Pinoys believe observers to deter poll violence
By Helen Flores
The Philippine Star
MANILA, Philippines – Eight out of 10 Filipinos believe that the presence of independent observers in the May 10 polls would help deter or reduce election violence, a survey by the Social Weather Stations (SWS) showed.
The SWS special pre-election survey, conducted from Feb. 24 to 28, found 80 percent of registered voters saying they were confident that independent observers in the upcoming elections would help “a lot/some” to deter or reduce election-related violence.
Sixteen percent said their presence would help deter or reduce election-related violence “a little” and four percent said “none at all.”
The expectation that independent observers would help “a lot/some” in deterring election-related violence is higher among those previously aware of them (88 percent) than those who just heard about them (72 percent).
It is also slightly higher in balance Luzon (83 percent), than in Mindanao (79 percent), Metro Manila (77 percent) and the Visayas (75 percent).
The survey likewise found nearly five in 10 Filipinos (47 percent) saying they are aware of independent election observers and that three of four (74 percent) believe their presence adds confidence that the elections would be clean and honest.
Forty-seven percent are previously aware that there will be independent election observers in the May 10 elections, while a slightly bigger 53 percent have only heard about this.
About three in five (59 percent) in Metro Manila are aware that there will be independent observers in the May 10 polls, the highest across all four areas. It is 50 percent in the Visayas, 47 percent in Mindanao, and 42 percent in balance Luzon.
The SWS said awareness of election observers in the May 10 elections is higher among the middle to upper classes and the more educated.
By class, 56 percent of classes ABC are aware that there will be independent observers, higher compared to 48 percent in class D and 41 percent in class E.
By education, 64 percent of college graduates are aware that there will be independent observers, much higher than among high school graduates (48 percent), elementary graduates (41 percent) and non-elementary graduates (38 percent).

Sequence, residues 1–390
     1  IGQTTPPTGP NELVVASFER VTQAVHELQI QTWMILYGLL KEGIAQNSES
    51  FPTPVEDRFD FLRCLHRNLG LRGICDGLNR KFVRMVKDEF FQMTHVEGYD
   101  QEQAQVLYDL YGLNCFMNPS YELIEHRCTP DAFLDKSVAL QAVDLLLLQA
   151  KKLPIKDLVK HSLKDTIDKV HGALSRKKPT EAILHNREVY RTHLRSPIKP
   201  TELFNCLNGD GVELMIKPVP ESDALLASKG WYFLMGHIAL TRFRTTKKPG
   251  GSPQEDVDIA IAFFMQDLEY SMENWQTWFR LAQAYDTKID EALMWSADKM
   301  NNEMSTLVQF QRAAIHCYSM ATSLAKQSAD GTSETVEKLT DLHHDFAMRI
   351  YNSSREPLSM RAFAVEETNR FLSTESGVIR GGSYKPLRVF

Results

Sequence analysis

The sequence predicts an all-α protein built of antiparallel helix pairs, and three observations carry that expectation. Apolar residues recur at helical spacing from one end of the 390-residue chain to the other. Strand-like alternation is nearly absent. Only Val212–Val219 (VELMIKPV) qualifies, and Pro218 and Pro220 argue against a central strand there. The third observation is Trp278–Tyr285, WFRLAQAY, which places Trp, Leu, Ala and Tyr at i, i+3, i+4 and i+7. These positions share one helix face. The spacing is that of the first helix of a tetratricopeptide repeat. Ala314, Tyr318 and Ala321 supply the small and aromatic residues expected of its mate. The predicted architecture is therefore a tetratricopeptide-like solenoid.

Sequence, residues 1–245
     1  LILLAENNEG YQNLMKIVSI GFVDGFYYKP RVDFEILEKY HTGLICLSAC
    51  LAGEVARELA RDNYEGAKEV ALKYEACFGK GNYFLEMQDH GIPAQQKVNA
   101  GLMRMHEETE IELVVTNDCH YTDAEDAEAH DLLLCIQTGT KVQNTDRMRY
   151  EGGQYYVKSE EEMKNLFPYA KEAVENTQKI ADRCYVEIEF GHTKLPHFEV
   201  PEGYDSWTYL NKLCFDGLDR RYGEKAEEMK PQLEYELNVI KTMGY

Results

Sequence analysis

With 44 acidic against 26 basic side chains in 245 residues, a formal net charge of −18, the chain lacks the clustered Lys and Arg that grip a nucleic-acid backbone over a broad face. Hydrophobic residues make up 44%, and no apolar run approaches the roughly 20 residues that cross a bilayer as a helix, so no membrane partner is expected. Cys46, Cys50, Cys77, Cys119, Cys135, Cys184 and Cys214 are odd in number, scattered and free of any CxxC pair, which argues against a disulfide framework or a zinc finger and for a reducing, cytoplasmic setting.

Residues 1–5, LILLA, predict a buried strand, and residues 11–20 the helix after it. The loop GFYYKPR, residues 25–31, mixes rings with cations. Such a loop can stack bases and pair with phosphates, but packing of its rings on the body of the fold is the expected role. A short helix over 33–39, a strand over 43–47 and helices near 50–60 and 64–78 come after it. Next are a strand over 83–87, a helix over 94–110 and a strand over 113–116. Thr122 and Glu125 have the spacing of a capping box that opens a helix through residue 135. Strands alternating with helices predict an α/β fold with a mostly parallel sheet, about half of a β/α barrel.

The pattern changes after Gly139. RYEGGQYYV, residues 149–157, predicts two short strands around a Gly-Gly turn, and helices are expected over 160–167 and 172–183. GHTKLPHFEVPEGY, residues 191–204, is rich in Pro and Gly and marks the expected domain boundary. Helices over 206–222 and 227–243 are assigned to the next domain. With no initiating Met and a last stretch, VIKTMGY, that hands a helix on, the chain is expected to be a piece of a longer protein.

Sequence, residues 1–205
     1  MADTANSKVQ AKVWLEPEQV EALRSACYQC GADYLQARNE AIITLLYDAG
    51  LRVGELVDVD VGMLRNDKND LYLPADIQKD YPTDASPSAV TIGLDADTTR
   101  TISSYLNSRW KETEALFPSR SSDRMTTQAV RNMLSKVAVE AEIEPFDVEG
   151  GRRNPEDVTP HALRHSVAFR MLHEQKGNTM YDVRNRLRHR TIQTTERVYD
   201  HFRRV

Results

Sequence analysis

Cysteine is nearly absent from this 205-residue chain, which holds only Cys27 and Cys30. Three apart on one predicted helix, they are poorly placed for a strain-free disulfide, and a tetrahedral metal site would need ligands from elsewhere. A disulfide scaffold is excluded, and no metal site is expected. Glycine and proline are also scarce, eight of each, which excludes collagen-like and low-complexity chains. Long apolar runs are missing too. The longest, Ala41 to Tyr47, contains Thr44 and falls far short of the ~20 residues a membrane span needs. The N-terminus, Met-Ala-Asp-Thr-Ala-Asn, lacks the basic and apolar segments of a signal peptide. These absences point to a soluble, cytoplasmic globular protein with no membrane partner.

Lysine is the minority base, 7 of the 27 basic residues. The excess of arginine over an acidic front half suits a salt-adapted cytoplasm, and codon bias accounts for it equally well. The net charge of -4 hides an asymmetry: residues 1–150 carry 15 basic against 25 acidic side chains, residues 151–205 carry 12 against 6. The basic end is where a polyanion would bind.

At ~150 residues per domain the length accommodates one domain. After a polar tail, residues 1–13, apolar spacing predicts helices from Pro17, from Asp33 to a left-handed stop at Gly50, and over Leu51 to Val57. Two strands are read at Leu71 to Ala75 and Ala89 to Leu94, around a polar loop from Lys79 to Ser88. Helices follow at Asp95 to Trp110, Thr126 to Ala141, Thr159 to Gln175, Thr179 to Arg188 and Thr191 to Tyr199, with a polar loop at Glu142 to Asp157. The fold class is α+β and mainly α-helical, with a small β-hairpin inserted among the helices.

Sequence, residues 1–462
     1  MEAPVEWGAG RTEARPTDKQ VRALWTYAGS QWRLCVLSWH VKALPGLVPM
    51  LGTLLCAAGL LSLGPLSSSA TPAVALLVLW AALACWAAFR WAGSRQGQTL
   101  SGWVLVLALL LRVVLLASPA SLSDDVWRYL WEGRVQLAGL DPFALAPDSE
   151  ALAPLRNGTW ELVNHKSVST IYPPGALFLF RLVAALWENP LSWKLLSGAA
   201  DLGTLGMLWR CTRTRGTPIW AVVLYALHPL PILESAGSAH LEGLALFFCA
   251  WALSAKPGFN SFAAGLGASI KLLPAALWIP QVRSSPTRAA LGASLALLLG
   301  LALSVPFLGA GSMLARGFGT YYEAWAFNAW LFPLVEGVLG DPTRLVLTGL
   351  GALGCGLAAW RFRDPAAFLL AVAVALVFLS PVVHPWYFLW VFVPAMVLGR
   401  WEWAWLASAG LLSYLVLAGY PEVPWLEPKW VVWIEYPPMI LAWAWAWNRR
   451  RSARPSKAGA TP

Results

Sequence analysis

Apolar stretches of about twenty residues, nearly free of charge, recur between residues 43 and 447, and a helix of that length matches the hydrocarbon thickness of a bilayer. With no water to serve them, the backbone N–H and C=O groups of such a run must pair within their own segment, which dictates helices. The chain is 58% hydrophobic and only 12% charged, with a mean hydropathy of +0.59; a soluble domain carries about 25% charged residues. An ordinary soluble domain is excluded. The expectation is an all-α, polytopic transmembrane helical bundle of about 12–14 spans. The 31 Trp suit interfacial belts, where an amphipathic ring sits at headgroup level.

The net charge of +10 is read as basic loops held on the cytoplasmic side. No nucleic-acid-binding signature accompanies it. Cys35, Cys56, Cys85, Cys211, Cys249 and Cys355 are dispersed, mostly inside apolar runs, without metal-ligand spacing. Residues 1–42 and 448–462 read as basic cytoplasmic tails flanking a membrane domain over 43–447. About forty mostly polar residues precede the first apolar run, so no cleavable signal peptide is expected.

The survey likewise revealed that three out of four (74 percent) registered voters say the presence of independent observers will “greatly add/somewhat” add to their confidence that the elections will be clean and honest.
Twenty percent say their presence adds only “a little confidence” and six percent say it “will not add confidence.”
The expectation that independent observers will add to voters’ confidence in clean and honest elections is higher among those previously aware that there will be independent observers in the elections (85 percent) than those who just heard about it (66 percent).
Those who say independent observers will add to voters’ confidence that the May 2010 elections would be clean and honest is high across all areas: 76 percent in balance Luzon, 75 percent in Mindanao, 74 percent in Metro Manila, and 71 percent in the Visayas.
By education, the view that the presence of independent observers will add to voters’ confidence that the elections would be clean and honest is slightly higher among those with more education.
It is 81 percent among college graduates, 74 percent among high school graduates, 74 percent among elementary graduates, and 71 percent among non-elementary graduates.
67 percent prefer local observers
The survey, meanwhile, revealed that 67 percent of Filipinos prefer local observers rather than foreign observers.
One-fourth (24 percent) prefer that they be both Filipino and foreign, and 11 percent prefer that they be foreign.
Seventy-one percent in the Visayas prefer Filipino observers for the May 10 elections, the highest across all areas. Preference for Filipino observers is 66 percent in balance Luzon, 62 percent in Metro Manila, and 57 percent in Mindanao.
Eighteen percent in Mindanao prefer foreign independent observers in the elections, higher compared to about a tenth in the Visayas (10 percent), Metro Manila (eight percent) and balance Luzon (eight percent) who also prefer foreign observers.
The survey used face-to-face interviews of 2,100 registered voters, divided into random samples of 300 in Metro Manila and 600 each in balance Luzon, the Visayas, and Mindanao.
It has sampling error margins of plus or minus 2.2 percent for national percentages, plus or minus six percent for Metro Manila, and plus or minus four percent for balance Luzon, the Visayas and Mindanao.